No apparent costs for facultative antibiotic production by the soil bacterium Pseudomonas fluorescens Pf0-1
van der Wal, A
de Boer, W
Public Library of Science
© 2011 Garbeva et al. This is an open-access article distributed under the terms of the Creative Commons Attribution License, which permits unrestricted use, distribution, and reproduction in any medium, provided the original author and source are credited.
BACKGROUND: Many soil-inhabiting bacteria are known to produce secondary metabolites that can suppress microorganisms competing for the same resources. The production of antimicrobial compounds is expected to incur fitness costs for the producing bacteria. Such costs form the basis for models on the co-existence of antibiotic-producing and non-antibiotic producing strains. However, so far studies quantifying the costs of antibiotic production by bacteria are scarce. The current study reports on possible costs, for antibiotic production by Pseudomonas fluorescens Pf0-1, a soil bacterium that is induced to produce a broad-spectrum antibiotic when it is confronted with non-related bacterial competitors or supernatants of their cultures. METHODOLOGY AND PRINCIPAL FINDINGS: We measured the possible cost of antibiotic production for Pseudomonas fluorescens Pf0-1 by monitoring changes in growth rate with and without induction of antibiotic production by supernatant of a bacterial competitor, namely Pedobacter sp.. Experiments were performed in liquid as well as on semi-solid media under nutrient-limited conditions that are expected to most clearly reveal fitness costs. Our results did not reveal any significant costs for production of antibiotics by Pseudomonas fluorescens Pf0-1. Comparison of growth rates of the antibiotic-producing wild-type cells with those of non-antibiotic producing mutants did not reveal costs of antibiotic production either. SIGNIFICANCE: Based on our findings we propose that the facultative production of antibiotics might not be selected to mitigate metabolic costs, but instead might be advantageous because it limits the risk of competitors evolving resistance, or even the risk of competitors feeding on the compounds produced.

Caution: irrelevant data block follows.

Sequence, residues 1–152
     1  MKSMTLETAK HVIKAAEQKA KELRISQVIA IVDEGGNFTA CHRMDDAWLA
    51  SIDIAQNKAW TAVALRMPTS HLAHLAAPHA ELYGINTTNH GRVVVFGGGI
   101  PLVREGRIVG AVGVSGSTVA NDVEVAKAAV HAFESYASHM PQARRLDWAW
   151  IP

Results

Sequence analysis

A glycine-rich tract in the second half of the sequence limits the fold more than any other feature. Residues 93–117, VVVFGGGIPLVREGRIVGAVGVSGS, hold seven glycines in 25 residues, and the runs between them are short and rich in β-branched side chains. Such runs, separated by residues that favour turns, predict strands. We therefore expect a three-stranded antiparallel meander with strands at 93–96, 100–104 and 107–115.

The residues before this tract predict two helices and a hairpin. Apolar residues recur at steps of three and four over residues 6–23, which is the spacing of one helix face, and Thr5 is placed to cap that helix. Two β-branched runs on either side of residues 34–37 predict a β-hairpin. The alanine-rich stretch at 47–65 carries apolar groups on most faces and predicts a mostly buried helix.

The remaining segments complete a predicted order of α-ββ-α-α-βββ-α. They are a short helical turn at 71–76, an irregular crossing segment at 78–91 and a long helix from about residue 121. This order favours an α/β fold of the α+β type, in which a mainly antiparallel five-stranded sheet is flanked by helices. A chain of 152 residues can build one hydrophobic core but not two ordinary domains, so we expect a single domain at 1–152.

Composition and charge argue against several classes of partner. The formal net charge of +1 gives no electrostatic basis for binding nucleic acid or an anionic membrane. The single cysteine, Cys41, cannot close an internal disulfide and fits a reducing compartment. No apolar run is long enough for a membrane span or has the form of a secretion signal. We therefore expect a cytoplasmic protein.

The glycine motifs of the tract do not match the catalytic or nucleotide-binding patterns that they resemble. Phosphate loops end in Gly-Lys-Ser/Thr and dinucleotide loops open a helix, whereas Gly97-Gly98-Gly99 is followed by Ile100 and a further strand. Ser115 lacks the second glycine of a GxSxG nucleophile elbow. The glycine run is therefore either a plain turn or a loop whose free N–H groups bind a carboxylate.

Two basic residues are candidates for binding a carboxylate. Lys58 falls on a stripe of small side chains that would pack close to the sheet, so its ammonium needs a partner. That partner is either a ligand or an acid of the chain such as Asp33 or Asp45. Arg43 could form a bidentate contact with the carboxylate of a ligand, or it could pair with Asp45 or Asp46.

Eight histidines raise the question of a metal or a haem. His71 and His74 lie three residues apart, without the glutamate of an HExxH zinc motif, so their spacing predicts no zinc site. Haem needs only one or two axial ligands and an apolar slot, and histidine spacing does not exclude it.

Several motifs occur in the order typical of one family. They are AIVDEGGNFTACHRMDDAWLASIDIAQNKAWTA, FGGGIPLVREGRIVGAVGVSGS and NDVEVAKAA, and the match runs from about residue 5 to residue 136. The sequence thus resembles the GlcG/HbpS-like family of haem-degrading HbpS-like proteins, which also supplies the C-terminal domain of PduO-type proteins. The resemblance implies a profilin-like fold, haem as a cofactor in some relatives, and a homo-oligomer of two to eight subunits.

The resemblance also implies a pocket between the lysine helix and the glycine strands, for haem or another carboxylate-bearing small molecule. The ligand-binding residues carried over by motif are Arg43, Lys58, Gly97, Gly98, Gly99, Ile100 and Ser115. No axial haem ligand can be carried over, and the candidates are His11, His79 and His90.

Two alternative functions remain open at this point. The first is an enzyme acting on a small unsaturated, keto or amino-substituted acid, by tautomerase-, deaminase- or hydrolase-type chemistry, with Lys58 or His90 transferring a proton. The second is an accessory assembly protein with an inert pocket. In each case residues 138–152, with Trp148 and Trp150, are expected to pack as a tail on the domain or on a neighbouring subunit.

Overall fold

This work is financed by The Netherlands Organization for Scientific Research. The funders had no role in study design, data collection and analysis, decision to publish, or preparation of the manuscript.
This is the final version of the article. Available from the publisher via the DOI in this record.
Vol. 6, e27266
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